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Dallas 1963

Patriots, Traitors, and the Assassination of JFK

by Bill Minutaglio and Steven L. Davis

Hardcover, 371 pages, Grand Central Pub, List Price: $28 |


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Dallas 1963
Patriots, Traitors, and the Assassination of JFK
Bill Minutaglio and Steven L. Davis

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Book Summary

Bill Minutaglio and Steven L. Davis present an explosive and unsettling account of the radicals, reactionaries and extremists who turned Dallas into a city infamous for the assassination of JFK.

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President John F. Kennedy and his wife, Jacqueline, are greeted by an enthusiastic crowd upon their arrival at Dallas Love Field on Nov. 22, 1963. AP hide caption

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In 'Dallas 1963,' A City Of Rage, Seized By 'Civic Hysteria'

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Note: Book excerpts are provided by the publisher and may contain language some find offensive.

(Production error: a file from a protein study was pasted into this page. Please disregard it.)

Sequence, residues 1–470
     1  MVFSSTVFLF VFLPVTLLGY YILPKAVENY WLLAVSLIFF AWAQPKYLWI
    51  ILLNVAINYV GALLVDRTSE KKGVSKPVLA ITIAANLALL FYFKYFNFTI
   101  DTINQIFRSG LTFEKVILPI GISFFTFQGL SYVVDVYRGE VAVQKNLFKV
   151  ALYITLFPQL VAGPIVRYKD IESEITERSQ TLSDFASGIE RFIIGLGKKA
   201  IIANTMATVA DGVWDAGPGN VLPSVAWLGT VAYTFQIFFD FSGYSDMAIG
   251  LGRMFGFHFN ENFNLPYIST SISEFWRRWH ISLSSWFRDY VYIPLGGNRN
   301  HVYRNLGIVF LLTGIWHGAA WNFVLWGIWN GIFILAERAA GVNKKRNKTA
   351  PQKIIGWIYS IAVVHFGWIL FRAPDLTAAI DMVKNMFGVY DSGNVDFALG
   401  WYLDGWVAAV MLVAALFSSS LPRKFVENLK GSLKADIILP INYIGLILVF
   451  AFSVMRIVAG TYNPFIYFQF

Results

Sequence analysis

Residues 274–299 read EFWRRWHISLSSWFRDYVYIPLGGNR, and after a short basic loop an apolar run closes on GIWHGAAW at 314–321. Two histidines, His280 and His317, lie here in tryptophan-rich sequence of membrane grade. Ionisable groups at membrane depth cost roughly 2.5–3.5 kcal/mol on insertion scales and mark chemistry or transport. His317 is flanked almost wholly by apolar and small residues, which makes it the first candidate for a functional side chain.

Excerpt: 'Dallas 1963'



In the hotel suite, the frazzled [Lyndon and Lady Bird] Johnson try to assess what the hell just happened to them in downtown Dallas. The campaign has been brutally intense, the rhetoric even more polarizing in the last week. Everyone is on edge, but this mob anger from Dallas's leading citizens is surreal.

Johnson and his aides review the logistics: He is scheduled to go across the street to give a speech at the equally famous and plush Hotel Adolphus in fifteen minutes. Everyone knows that he will have to brave a gauntlet to get there. Should he even go? No one has to remind Johnson of the obvious. There is no choice.

There is a knock at the door. Johnson's old friend Stanley Marcus walks in, visibly flustered. The well-dressed Marcus had walked excitedly over from Neiman Marcus to personally greet the Johnsons — but then he witnessed the sudden ambush.

Normally unflappable, Marcus is shaking. He has been very quietly supporting the Kennedy-Johnson ticket — and walking a fine line between his political inclinations and avoiding antagonizing his most prized customers. Yet he's just seen his best customers, women who are personal friends, or daughters of good friends, many wearing mink coats that he has personally sold to them, and they all have come completely unhinged and are screaming at their senator... maybe the next vice president of the United States.